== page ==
FYI Health Tip
Birth control pills may hinder a woman's desire to mate with a genetically diverse man.
Can you sniff out your mate? Previous research suggests a women’s mate preference is based on odor. Sounds odd, right? But our sense of smell is regulated by something called major histocompatibility complex (MHC), which are genes that are key to our immune system and our autoimmunity. When it comes to organ donation, it’s important to closely match MHC profiles between organ donors and recipients to reduce the risk of transplant rejections. But for a future breeding partner, having MHC profiles that are different maximizes the genetic diversity of future offspring. So where are we going with all this? A new study suggests that birth control pills, which originally liberated women from unwanted pregnancies, may sabotage this very primal ability to “smell” the best mate.
Blood was drawn from 193 women split into a placebo and pill group and 97 men for MHC genotyping. Between days 10 and 14 days of their menstrual cycle, the women smelled six jars containing the odor from three MHC-similar and three MHC-dissimilar men. Odor pleasantness and intensity was rated on a seven-point scale and they were asked if the smell made them want the man as a long term partner at two different times, three months apart. Women on the pill were more likely to want a man with an MHC-similar odor as a long-term mate compared to the control group. Many women on the pill are likely trying to avoid having children until they find Mr. Right, but what if the pill actually impairs the ability to find him?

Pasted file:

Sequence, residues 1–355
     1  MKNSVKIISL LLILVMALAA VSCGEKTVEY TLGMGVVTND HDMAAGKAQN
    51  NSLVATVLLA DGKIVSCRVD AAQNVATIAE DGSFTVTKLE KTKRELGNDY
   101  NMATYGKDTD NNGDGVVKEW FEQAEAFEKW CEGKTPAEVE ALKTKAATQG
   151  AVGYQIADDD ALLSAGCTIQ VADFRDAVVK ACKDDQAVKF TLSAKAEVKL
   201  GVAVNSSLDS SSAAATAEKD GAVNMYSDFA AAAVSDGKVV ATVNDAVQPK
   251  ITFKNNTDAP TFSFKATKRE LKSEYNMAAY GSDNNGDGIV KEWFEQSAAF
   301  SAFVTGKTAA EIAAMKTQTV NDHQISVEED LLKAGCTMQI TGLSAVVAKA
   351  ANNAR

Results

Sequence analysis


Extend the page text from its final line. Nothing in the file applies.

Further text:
One weakness in the study was the scores given by women on the pill were higher than those in the control groups, which may confound the results. But if this study is indeed true, it raises some other important questions. While the pill may no longer be responsible for weight gain, is it responsible for the divorce rate? Do other drugs affect a woman’s mate selection? And if the pill confuses our ability to sniff out “the one,” our tongues may have to take on the important job of tasting genetic diversity while kissing our potential future mate.
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